If you think your students are too young to think philosophically, read about how Joelle Trayers handles philosophy with her Kinder class!

Philosophy Slam

CommonLit

I was so thrilled to see this post by Richard Byrne (who is one of my favorite Engaging Educators!) about CommonLit.

This is going to be an awesome resource for me to use with my 4th and 5th grade GT students.  I will let Richard tell you the details, but suffice it to say that it is a great way to encourage deep discussion in your class, and offers downloadable texts that you can use to tantalize your students with philosophical questions.

image from CommonLit.org
image from CommonLit.org

I plan to use this with Socratic Smackdown (which I also found out about from Richard).  Socratic Smackdown has been a great success in my classroom and CommonLit will augment it even more.

You might also want to consider using some of the CommonLit themes to enrich your students’ writing if they are participating in this year’s Philosophy Slam (deadline is 3/6/15). The “Social Change and Revolution” theme on CommonLit could definitely help students determine if violence or compassion has a greater impact on society.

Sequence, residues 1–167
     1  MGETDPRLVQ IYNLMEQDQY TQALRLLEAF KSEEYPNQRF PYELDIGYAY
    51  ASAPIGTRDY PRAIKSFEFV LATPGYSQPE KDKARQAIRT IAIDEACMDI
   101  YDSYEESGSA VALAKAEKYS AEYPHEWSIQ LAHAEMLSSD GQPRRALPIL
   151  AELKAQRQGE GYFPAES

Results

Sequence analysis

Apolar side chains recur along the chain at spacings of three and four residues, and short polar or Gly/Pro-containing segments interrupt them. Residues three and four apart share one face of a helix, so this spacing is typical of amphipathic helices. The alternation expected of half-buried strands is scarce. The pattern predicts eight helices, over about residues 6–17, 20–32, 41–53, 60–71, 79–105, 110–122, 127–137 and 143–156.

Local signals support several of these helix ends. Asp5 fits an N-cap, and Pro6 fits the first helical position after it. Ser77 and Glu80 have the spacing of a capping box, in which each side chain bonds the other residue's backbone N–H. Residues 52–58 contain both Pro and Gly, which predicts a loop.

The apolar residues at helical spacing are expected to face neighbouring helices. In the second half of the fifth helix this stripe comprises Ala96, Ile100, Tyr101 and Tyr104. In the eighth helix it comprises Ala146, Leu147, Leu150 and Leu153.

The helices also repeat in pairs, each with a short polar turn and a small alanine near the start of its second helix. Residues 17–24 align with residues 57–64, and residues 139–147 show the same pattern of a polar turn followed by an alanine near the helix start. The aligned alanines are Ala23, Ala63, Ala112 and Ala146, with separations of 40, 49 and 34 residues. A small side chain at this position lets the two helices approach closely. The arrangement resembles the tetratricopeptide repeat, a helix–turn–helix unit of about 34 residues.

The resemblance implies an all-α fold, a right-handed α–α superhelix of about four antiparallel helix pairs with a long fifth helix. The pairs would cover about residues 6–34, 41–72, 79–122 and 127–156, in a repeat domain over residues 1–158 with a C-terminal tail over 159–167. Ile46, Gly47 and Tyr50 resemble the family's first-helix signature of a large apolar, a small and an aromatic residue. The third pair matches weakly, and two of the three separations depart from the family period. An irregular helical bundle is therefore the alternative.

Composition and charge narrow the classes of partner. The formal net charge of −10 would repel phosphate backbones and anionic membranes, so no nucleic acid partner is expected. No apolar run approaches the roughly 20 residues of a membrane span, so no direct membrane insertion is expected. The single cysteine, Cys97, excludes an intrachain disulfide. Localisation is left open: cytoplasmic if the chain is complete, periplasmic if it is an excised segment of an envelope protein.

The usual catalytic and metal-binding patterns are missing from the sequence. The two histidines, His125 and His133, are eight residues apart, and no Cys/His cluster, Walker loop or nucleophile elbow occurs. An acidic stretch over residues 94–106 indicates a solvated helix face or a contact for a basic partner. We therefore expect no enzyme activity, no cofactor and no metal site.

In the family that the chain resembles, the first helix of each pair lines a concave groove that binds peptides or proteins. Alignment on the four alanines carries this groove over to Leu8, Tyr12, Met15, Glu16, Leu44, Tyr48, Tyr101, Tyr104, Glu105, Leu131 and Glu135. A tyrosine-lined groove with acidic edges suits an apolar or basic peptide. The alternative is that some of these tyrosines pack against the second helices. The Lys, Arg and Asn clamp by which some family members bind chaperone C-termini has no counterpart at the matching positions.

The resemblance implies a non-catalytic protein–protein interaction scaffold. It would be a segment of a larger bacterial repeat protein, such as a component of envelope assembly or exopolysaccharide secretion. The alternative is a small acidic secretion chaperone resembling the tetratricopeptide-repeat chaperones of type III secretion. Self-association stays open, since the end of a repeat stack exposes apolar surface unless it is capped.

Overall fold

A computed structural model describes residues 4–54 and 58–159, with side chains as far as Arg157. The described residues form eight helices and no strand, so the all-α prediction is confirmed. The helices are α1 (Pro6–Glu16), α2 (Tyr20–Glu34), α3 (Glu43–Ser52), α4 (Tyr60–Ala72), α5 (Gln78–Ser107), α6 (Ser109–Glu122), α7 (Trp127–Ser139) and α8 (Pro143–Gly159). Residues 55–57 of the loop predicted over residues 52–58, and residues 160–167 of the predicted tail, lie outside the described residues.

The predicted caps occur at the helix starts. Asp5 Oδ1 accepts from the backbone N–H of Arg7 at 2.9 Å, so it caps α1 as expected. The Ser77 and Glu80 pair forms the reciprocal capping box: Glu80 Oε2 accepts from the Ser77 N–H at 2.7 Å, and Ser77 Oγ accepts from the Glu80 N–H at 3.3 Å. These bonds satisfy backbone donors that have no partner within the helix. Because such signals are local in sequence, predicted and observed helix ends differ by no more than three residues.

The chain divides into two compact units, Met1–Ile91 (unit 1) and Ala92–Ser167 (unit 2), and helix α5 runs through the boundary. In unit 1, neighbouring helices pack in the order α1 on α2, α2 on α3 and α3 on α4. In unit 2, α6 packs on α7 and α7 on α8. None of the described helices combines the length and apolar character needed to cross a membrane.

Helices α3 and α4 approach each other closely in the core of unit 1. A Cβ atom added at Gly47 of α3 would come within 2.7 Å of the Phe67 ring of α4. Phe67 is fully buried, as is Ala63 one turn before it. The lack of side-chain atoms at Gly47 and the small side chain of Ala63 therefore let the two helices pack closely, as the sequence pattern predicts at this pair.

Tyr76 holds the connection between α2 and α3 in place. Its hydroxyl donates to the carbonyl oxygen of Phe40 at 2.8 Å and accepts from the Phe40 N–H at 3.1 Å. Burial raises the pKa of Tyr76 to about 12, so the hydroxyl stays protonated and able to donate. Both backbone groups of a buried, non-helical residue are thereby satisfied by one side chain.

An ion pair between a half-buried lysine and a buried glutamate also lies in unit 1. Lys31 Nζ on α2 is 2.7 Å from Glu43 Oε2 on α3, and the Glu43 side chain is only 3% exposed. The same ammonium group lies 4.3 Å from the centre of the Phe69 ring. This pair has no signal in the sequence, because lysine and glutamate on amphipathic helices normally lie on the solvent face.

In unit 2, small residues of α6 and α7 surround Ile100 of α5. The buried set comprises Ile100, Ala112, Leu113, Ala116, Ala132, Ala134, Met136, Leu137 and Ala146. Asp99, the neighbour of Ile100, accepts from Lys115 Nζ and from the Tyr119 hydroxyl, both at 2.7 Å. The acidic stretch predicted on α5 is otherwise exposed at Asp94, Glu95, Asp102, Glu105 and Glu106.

Just Give Me the Swedish Meatballs So I Can Call it a Day

If you ever really want to quiet a room full of 5th grade students, try telling them this: “I’m going to let you spend 1 hour a week studying whatever you want.  Now pick a topic.”

That was, in essence, the way I introduced Genius Hour to my class for the first time many years ago.  I would not recommend that approach.

After getting over the initial exuberance of such unprecedented academic freedom, they became paralyzed.  It was like I had dumped them in the middle of the Atlantic Ocean and said, “Choose a direction and start swimming” – and they’d never been in a body of water bigger than a bathtub.

I refined my technique over the years.  If you visit my Genius Hour Resources page, you will see some QR Code Bookmarks you can use to get them started with ideas as well as some good websites to visit.

The thing about choice is that too much of it can be just as defeating as too little.  This is what Barry Schwartz argues in his TED talk, “The Paradox of Choice.

And it’s what I tell myself whenever I leave IKEA empty-handed 5 hours after I entered.

According to Mr. Schwartz, “Choice within constraint is essential. Choice without constraint is paralyzing.”

With that in mind, I tried a different approach to Genius Hour this year.  My 4th graders started the year doing “Heart Maps” to brainstorm their passions.  They also did Multiple Intelligence Surveys (the North Star Smart Stars iPad app is great for kids!) to get more data on their interests.  In addition, I gave them a career list based on the Multiple Intelligences, and had them circle any that appealed to them.